“There are many families who want to interbreed with Eh, and all of them are interested in having my brother as a father. But, as you probably know, our lineage cannot let him leave the field of battle.
“Because I’m Eh Manhata’s twin, I’ve been sent on trips like this—“ He paused. “More times that I can remember. I know far more about this situation than is usual for a man, and I have formed my own opinions about how to go about producing children.”
Eyes-of-crystal would have been shocked, if she had been sober. Thanks to the potion, she remained calm.
“These drugs and rituals do nothing good! The woman is frightened, and the man would be, if he wasn’t drunk, as he usually is. It’s surprising he remembers what it is he has to do. In my opinion, everything goes best if the two people are sober and comfortable with one another. The woman seems to get pregnant more quickly, and it’s my impression that the child turns out better. And so I have developed my own way of doing this. I try to make it as ordinary as possible.”
“Do your female relatives let you have these opinions?” asked Eyes-of-crystal. “It seems odd.”
He glanced up and smiled briefly. “Remember that they’ve known me from childhood. Eh Manhata is fierce. I am stubborn.”
He changed the topic then and asked her about hunting. The man of Ahara had told him she liked to hunt. It was an unusual trait in a woman, but not wrong or shameful. His home was on the plain. What was the great river like for hunting?
She tried to answer him, but she was frightened, and the drug made it hard for her to think and speak. Her mind kept coming back to the present situation, though with decreasing fear. For one thing, his questions were so ordinary. For another, the drug was making her sleepy. Her thoughts moved more and more slowly, like people wading through a heavy fall of snow.
“Maybe we should have this conversation another time,” Eh Shawin said finally. He paused, then continued, his voice quiet and gentle. “There is one thing I have never been able to change. Your relatives and mine have expectations about what will happen tonight. We must meet those expectations.
“I can do the thing slowly and try to find some way to make it pleasant for you, or I can do it quickly and get it over.”
“Quickly,” said Eyes-of-crystal.
Eh Shawin inclined his head in the motion of agreement, then asked if she wanted light or darkness.
“Darkness,” said Eyes-of-crystal.
He licked his fingers and put out the lamp.
The home world of the People has no moon, but the stars are brilliant, and the People have better night vision than humans. Most likely, the man and woman could see each other as they undressed. Maybe their eyes gleamed occasionally, reflecting starlight. Their dark, solid bodies must certainly have been visible, as they moved past the star-filled windows or settled on the bed, which was covered with a mating blanket of bleached fabric as white as snow or bone.
The author of the story does not tell us any of this, though she describes their mating with clinical detail. Most likely, she was working from the old mating manuals, which are still available in libraries, though not (of course) in sections that children can access. There is no reason to believe that she is writing from personal experience.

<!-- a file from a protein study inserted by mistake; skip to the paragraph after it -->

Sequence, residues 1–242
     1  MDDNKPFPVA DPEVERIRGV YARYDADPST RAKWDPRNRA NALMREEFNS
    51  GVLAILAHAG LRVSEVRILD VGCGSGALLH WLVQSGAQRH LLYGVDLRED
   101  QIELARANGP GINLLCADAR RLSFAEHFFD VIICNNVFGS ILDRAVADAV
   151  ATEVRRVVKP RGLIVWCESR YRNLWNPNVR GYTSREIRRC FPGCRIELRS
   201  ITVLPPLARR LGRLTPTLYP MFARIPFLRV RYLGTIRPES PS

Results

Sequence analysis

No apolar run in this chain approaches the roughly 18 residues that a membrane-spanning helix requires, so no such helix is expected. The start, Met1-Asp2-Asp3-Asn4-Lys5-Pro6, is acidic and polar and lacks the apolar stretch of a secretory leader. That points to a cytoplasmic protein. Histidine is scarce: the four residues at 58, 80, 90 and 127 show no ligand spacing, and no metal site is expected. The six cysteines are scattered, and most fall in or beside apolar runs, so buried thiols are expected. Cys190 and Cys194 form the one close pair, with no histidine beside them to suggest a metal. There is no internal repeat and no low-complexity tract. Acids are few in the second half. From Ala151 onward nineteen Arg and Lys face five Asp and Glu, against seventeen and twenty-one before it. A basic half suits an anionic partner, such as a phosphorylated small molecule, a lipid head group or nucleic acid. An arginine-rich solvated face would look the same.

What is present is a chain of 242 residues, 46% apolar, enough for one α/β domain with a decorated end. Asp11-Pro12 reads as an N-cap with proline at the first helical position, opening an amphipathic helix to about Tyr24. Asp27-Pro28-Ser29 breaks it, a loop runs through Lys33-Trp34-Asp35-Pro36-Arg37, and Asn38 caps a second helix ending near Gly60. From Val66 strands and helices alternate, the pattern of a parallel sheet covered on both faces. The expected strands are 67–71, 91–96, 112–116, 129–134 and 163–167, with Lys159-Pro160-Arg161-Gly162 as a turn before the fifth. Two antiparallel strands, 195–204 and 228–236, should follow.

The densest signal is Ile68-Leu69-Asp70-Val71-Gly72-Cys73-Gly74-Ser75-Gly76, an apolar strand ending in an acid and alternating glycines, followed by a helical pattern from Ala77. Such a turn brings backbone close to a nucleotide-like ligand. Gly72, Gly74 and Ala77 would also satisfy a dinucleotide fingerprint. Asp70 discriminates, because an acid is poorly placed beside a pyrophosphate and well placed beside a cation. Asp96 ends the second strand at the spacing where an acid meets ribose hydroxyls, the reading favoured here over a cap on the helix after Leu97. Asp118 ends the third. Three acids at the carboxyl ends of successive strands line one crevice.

After they finished, the man went to sleep. Eyes-of-crystal lay next to him, looking out a window at the sky. She could see the Banner of the Goddess, the Milky Way.
What had the Goddess been thinking of, when she devised this method for making people? It was like a great, ugly knot in the net of kinship and cooperation and love that held all of them—women and men, adults and children—together. Impossible to understand!
She woke in the morning and found Eh Shawin gone, though she could see the place where he’d lain. Her body hurt. She got up groaning and went down to the women’s bathroom. There was hot water ready and a cousin to help her.
Hah! It was good to wash and then soak in a tub of clean water scented with herbs. The cousin was middle aged, but had never been bred. One of her feet was twisted. It had been that way from birth, and this was not a trait the Ahara wanted continued. She barely spoke to Eyes-of-crystal, either out of envy or embarrassment.
At last, Eyes-of-crystal got out of the tub and rubbed herself dry. The cousin brought a fresh new tunic. She put it on. Her female relatives would be waiting for her in the eating room and the kitchen. She had no wish to see them. Eyes-of-crystal thanked her cousin and went out to the stables.
Light slanted in the little, high windows. The air smelled of hay and tsina. Most of the stalls were empty, the animals gone to war. But a few remained: the mares and geldings that children rode and her own hunters. She went to look at her favorite, a blue-gray stallion. His legs and hindquarters had white stripes, and his horns were as black as obsidian.
Eh Shawan stood at the end of the stall. “A fine animal," he said. What do you call him?”
“A good name. I talked to your mother this morning and explained that I don’t want to inconvenience your male relatives. There are so few home at present, and most are so old! They don’t have the energy to be entertaining a guest. And I do best in these situations if I keep regular hours and maintain my ordinary habits. So—“ He glanced up briefly and smiled. “Your mother has agreed that it makes better sense for me to go out riding with you. I get the exercise I need, and the old men of Ahara get their rest.”
It wasn’t like her mother to agree to anything unusual, but Shawin was clever and plausible. There are men who know how to charm women, just as there are men who know how to charm men. These two qualities don’t usually come together in one person. Eyes-of-crystal had the impression that Eh Shawin was no exception to this rule. Her male relatives did not dislike the man, but it wasn’t likely they’d go out of the way for him.
“My tsin hasn’t recovered from our journey yet, but one of your cousins has offered me this animal.” He led her to another stall.
She knew the animal there: a large gelding. Its color was solid purple-brown.